When my kids were growing up, I tried to install in them some of the wisdom in them that my mother gave to me. Certain things stuck and other things, not so much. But when it comes down to it, all I can hope for is that between things I stressed and things that they learn, that they will get to a good point in their lives a lot quicker than I did.

One of the most crucial people in my life was my mother. Now that she is no longer in my life, I find myself reflecting on all the kindness and understanding that she was able to give to the people around her. It was my mother who first told me “It doesn’t matter how many times you get knocked down, as long as you get up each time!” I thought it was a silly saying at the time, only to give her a big hug in my forties and let her know how much that helped me.

Software development is a part of life, and that saying is something that I think about each day when I am working on the computer. It is a rare day when I do not make a handful of mistakes, each one of them requiring me to check my ego at the door, figure out what went wrong, dust myself off, and stand up again. But today, I was greeted with one of these scenarios where I was least expecting it… in the recent release of the PyMarkdown project.

This scenario is one that can happen with interpreted languages and is a splendid example of why code coverage is great for interpreted languages. On the weekend, I wrapped up the work I was doing on the project, and double checked everything. With everything looking good, I used my package.cmd script to create the new v0.9.10 package so that I could run it through my pre-release tests. The tests themselves are not extensive tests, but tests to ensure that at least eighty percent of the code is working properly. Simple things like testing out the subcommands and scanning a set of curated Markdown documents to make sure things work. These tests are meant to catch the odd case where things were missed, which does happen from time to time.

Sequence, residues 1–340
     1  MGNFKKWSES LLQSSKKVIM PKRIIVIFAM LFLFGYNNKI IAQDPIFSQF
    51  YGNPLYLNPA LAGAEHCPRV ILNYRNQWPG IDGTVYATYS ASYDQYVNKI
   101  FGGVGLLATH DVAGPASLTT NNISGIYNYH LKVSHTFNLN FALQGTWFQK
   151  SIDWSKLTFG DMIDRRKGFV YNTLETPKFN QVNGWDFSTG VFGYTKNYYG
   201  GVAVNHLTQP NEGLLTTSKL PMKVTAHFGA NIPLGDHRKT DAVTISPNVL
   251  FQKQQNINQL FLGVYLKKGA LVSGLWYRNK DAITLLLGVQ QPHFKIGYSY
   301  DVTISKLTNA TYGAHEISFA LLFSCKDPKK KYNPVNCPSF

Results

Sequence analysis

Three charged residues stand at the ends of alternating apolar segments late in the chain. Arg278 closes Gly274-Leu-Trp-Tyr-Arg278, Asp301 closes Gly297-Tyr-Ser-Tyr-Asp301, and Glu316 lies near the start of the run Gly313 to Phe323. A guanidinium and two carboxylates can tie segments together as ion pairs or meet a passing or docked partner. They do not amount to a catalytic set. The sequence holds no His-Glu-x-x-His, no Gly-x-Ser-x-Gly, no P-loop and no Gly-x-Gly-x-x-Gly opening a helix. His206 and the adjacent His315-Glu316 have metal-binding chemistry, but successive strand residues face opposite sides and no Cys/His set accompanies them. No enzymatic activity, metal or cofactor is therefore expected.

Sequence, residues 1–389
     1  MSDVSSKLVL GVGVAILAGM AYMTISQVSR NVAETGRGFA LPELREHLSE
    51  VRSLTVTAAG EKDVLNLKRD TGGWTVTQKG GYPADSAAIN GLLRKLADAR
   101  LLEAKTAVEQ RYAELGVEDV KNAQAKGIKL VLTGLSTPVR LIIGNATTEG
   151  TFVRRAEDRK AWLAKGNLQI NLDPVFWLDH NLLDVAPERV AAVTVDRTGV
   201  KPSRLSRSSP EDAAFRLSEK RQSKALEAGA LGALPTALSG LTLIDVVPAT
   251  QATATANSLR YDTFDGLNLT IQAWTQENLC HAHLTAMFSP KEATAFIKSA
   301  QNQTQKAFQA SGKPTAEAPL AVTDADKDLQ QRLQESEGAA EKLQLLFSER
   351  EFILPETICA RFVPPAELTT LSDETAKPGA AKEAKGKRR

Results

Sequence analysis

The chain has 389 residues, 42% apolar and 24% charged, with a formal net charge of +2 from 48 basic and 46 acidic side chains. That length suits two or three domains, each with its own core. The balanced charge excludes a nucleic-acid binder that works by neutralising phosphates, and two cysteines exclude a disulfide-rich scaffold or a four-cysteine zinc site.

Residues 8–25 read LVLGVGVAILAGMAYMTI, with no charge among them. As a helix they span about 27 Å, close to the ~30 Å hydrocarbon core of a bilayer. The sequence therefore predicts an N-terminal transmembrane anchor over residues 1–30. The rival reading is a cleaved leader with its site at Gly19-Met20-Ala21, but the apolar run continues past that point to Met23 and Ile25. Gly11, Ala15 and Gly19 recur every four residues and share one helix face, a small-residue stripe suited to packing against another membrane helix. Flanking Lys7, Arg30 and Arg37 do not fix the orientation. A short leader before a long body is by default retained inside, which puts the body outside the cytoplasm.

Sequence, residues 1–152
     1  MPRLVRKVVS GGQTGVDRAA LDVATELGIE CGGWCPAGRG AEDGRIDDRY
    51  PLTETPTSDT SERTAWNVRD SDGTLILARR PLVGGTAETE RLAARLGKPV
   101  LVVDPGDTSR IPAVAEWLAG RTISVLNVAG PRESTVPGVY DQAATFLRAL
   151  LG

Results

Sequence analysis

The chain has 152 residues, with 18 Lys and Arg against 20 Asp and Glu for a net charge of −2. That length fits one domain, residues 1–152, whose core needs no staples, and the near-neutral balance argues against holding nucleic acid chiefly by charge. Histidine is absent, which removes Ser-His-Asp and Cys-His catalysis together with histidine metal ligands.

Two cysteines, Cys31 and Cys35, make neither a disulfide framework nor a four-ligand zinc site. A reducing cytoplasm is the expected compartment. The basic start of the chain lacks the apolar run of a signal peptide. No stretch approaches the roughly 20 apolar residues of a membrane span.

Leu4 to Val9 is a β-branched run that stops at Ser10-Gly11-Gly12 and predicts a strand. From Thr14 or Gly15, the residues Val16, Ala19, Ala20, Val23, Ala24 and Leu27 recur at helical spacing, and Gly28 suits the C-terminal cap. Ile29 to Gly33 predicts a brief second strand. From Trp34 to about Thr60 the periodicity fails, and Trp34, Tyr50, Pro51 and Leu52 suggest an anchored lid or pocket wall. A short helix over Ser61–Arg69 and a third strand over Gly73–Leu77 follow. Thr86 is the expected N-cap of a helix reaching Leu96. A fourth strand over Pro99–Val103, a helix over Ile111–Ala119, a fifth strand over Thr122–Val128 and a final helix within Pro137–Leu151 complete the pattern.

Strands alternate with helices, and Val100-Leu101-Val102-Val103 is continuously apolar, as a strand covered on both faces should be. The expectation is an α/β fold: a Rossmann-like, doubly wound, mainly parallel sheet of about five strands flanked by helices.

In this case, the scenario slipped through the cracks. As Python is interpreted, you must interpret a given line to test whether it works properly. In this case, I had made a change to my application-properties package to expose new functionality that PyMarkdown needed: default configuration files. Over in that project, I made the changes and bumped the version to 0.6.0. In the PyMarkdown project, I used pipenv to make the equivalent change to the project. When I was ready for the release, I ran my normal tests, and everything passed.

The problem was that I did not update the project’s install-requirements.txt file that details the project’s non-developmental dependencies. In this case, my release testing did not have simple tests that involved the changed interface, so it passed without issue.

So now I need to pick myself back up and start to figure out how to solve that issue. It must be a test that is quick to execute, and a test that is not just a repeat of the scenario tests. Those are detailed tests that dig down into the core of the project. I just need something that will help me identify issues with dependencies. Not sure yet what it will be, but I hope to talk about it next time. Stay tuned!

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